• Use soft­ware tools like AutoCrit.com to help you see style errors and find dupli­cate words.
  • Work with a writ­ing group. Exchange cri­tiques with other writ­ers. It’s eas­ier to see prob­lems in other people’s work than in your own.
  • Accept crit­i­cism grace­fully and give it care­ful con­sid­er­a­tion. Not every­one is capa­ble of being encour­ag­ing and sup­port­ive, or even of pro­vid­ing a valid critique—but your read­ers will be no more accom­mo­dat­ing than your worst critic.
  • Read your work out loud, slowly. You’ll catch prob­lems with your ears that elude your eyes.
  • Print your writ­ing out on paper. You’ll catch more errors in print than you will on-screen (though I can’t offer a sound, log­i­cal rea­son why this is the case).
  • Use a spelling and gram­mar checker. This seems so obvi­ous but…
  • After you’ve done every­thing you can do on your own, find an edi­tor who suits your style, per­son­al­ity, and goals. What do you have to lose? If your man­u­script is per­fect, your edi­tor will con­grat­u­late you, send your man­u­script back, and prob­a­bly charge you very lit­tle if any­thing for that con­fir­ma­tion. If not, you’ll receive use­ful sug­ges­tions and well-stated sup­port for improve­ments that your “very smart friends” missed. Your book and your future writ­ing will be bet­ter for it.
  • My own first novel exem­pli­fies “first book naïveté.” Like many writ­ers, I took the “respon­si­ble route” and had my man­u­script looked over by sev­eral smart, lit­er­ate, capa­ble friends. Those friends found a num­ber of prob­lems I’d missed, but they missed a num­ber of prob­lems I wish I’d found. When I began work­ing with a pro­fes­sional edi­tor, I was able to put a much finer fin­ish on my prose with­out los­ing my own voice; and I became a much bet­ter writer through that process.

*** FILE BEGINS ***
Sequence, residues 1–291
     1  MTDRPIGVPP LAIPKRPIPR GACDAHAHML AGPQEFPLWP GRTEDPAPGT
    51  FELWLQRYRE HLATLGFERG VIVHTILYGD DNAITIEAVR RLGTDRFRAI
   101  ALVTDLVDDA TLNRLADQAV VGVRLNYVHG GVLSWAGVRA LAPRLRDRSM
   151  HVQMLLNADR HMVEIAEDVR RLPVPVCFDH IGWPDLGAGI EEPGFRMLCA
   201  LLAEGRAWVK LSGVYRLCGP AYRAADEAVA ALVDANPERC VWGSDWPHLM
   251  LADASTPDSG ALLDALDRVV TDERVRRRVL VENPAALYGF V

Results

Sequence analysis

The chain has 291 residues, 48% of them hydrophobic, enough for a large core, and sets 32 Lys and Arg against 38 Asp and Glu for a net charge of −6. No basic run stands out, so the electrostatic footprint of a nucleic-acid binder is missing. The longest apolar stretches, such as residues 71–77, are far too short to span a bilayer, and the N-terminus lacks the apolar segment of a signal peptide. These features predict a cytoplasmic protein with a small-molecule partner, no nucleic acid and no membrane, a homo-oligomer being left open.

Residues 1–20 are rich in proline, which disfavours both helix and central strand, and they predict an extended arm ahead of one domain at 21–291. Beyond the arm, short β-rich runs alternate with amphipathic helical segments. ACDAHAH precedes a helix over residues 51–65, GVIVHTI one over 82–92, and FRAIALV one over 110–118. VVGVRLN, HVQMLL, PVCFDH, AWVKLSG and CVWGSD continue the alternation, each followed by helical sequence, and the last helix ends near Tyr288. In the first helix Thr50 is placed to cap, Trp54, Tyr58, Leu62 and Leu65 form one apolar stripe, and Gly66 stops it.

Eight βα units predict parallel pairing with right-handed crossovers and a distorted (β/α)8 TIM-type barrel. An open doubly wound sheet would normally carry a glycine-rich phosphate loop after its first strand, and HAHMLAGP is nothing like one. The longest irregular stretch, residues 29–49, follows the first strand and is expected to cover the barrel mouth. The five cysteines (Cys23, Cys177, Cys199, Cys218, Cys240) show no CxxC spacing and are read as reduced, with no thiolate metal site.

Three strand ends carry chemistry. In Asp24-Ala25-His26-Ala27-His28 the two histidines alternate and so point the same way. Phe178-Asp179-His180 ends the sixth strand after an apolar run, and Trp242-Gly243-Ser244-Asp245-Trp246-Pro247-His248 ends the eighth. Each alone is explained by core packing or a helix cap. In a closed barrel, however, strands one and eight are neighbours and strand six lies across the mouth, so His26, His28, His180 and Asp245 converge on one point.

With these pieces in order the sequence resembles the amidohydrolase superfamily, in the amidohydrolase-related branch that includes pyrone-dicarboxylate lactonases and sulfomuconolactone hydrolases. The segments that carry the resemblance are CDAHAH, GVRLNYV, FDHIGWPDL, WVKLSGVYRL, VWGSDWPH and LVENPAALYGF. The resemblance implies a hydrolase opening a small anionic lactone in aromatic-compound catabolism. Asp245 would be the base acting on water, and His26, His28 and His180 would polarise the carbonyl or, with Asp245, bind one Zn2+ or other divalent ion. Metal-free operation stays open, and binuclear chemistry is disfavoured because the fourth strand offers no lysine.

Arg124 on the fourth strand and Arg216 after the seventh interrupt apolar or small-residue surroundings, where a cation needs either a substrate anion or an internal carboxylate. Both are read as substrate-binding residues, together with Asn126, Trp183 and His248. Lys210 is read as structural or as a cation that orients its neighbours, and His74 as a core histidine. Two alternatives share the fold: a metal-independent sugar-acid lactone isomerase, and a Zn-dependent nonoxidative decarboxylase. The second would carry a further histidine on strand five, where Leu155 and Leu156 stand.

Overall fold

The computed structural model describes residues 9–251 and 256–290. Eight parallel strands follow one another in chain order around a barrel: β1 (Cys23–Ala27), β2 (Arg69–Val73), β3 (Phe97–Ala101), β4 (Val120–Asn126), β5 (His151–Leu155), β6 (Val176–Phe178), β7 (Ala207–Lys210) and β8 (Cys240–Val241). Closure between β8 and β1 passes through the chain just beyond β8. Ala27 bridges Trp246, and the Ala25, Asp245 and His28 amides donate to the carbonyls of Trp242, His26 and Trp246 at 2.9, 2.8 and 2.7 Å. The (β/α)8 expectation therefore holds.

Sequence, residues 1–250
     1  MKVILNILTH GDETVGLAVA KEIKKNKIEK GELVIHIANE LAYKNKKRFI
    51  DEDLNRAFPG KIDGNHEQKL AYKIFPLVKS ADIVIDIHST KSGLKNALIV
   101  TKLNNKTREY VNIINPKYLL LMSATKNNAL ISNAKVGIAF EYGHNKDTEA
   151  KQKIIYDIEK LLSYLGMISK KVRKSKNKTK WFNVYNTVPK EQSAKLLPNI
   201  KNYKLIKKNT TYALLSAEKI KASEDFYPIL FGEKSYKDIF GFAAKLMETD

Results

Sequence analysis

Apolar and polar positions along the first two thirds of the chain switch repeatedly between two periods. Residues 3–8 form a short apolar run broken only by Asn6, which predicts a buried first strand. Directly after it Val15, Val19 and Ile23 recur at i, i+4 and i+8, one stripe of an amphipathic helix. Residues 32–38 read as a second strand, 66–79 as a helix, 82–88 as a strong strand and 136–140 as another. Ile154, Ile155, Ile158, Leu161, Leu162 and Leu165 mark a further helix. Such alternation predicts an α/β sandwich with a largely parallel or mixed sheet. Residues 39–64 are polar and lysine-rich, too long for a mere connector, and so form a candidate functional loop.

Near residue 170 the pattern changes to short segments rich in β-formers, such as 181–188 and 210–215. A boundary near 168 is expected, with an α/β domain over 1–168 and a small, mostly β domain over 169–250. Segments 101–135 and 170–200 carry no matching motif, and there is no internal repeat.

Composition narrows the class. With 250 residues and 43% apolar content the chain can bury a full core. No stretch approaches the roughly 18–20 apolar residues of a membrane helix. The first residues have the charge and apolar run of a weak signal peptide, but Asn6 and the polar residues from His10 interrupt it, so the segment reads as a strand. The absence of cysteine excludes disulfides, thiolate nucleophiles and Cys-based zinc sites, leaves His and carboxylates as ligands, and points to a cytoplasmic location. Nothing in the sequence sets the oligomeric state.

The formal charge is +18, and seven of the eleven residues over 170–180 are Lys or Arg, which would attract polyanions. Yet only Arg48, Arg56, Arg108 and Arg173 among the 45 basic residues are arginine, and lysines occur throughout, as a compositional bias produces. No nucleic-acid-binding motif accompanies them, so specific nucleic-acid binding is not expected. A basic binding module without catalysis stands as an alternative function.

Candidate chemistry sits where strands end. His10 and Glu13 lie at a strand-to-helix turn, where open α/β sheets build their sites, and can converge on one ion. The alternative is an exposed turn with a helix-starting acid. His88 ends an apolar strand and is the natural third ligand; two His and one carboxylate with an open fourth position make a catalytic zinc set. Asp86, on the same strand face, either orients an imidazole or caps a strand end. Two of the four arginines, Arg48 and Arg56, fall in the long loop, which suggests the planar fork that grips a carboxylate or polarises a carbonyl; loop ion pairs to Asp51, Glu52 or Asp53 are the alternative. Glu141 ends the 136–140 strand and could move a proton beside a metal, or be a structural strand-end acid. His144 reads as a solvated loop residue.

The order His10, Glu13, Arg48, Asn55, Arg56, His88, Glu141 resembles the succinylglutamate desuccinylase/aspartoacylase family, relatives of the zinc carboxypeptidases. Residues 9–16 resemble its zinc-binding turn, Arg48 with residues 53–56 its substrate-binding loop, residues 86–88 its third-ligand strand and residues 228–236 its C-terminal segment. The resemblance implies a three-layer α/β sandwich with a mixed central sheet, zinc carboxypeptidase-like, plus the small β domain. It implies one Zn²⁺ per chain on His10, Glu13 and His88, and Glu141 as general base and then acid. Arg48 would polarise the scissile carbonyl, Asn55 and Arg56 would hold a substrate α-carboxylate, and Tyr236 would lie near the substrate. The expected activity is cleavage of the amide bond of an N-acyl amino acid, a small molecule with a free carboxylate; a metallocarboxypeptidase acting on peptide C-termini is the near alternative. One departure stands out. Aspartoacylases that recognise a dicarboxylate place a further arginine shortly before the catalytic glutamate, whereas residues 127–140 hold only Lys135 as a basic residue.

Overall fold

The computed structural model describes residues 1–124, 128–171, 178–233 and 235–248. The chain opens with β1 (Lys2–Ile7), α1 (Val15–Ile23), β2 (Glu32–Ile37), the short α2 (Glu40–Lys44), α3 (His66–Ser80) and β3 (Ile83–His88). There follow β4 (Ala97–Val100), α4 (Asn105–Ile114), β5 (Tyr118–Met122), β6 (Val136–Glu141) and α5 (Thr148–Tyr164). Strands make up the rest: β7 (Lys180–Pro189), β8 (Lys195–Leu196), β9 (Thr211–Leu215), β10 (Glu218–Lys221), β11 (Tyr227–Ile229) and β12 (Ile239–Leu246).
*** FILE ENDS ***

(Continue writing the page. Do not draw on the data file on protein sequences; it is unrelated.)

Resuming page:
Maybe your book really does suck? Join the club. Any accom­plished writer will tell you about all the early work they’ll never show you. But through com­plet­ing these early works, the aspir­ing writer learns why they’re bro­ken and grows through that expe­ri­ence. Remember how you thought you’d found the love of your life way back in high school? How you gave that rela­tion­ship every­thing and still got your heart bro­ken? Books are no dif­fer­ent. Many turn out to be teach­ers and step­ping stones, not final solu­tions. And some of the most suc­cess­ful ones ben­e­fit from a bit of counseling.

Learning to write well is a steep climb up a tall moun­tain. But if you put one foot in front of the other and head in the right direc­tion, the top of the moun­tain has no choice but to come to you. If you haven’t reached the sum­mit yet, join the mil­lions of writ­ers who aspire to get better—word by word, sen­tence by sen­tence, para­graph by para­graph. Keep climb­ing and the view behind you will become expan­sive and beautiful.
The most valuable of all talents is that of never using two words when one
will do ~ Thomas Jefferson
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Saranna View Drop Down
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  Quote Saranna Quote  Post ReplyReply Direct Link To This Post Posted: 11 Jul 2014 at 10:11am
Well that all rings true!
Death comes to all
But great achievements raise a monument
Which shall endure until the sun grows cold.
- George Fabricius, 'In Praise of Georgius Agricola'